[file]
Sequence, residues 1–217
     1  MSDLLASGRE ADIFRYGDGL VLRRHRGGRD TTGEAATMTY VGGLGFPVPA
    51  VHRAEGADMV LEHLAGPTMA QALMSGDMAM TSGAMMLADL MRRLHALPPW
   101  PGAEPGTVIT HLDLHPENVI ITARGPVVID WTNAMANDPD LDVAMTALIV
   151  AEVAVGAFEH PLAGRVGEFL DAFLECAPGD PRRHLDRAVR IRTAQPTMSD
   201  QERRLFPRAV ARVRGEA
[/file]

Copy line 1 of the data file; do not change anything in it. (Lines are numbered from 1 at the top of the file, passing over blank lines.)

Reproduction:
Sequence, residues 1–217